Buddhist Mandalas Boxed Notecards
Twenty assorted 5 x 7 in. blank notecards (5 each of 4 designs) with envelopes in a decorative box.
A mandala is a cosmic diagram used as an aid to meditation. This notecard set presents four stunning mandalas from Tibet, Nepal, and Mongolia. Each is rendered on cotton in vivid pigments that dazzle and delight.
In the center of the oldest mandala is Vajrabhairava, also known as Yamantaka, the conqueror of Yama, God of Death. Another mandala from Tibet features a female bodhisattva, Sitatapatra Aparajita, a protective deity known as the invincible goddess of the white parasol. In the Mongolian mandala, a mystic thunderbolt diagram is set against a landscape of green mountains and auspicious clouds. At the center of the mandala from Nepal is Vajravarahi and her retinue within a pair of overlapping triangles. The female (down-pointing) and male (up-pointing) principles represent wisdom and compassion, whose union leads to enlightenment.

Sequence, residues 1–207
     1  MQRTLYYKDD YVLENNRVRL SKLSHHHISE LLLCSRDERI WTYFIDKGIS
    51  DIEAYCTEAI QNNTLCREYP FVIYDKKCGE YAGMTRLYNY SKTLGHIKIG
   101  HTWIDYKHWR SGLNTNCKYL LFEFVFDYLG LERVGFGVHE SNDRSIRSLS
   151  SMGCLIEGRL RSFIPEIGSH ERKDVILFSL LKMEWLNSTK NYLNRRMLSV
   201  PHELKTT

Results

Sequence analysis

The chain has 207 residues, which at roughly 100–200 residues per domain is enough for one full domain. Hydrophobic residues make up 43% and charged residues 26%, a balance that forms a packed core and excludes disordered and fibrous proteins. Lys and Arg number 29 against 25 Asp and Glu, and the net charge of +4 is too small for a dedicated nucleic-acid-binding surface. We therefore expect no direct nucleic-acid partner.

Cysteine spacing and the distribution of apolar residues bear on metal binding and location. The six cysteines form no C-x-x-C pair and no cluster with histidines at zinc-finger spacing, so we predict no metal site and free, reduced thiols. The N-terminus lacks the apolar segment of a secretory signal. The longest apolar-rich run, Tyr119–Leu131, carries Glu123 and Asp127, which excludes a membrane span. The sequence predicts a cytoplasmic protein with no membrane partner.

The images on these cards are reproduced from mandalas in the collection of the Asian Art Museum of San Francisco, one of the largest museums in the Western world devoted exclusively to Asian art.
Contains five each of the following notecards:
Mandala with thunderbolts, 1800–1900, Mongolia
Mandala of the Buddhist deity Vajravarahi, 1869, Nepal
Mandala of the Buddhist deity Vajrabhairava, 1600–1700, Ngor Monastery, Tibet
Mandala of the Buddhist deity Sitatapatra Aparajita, 1700–1800, Tibet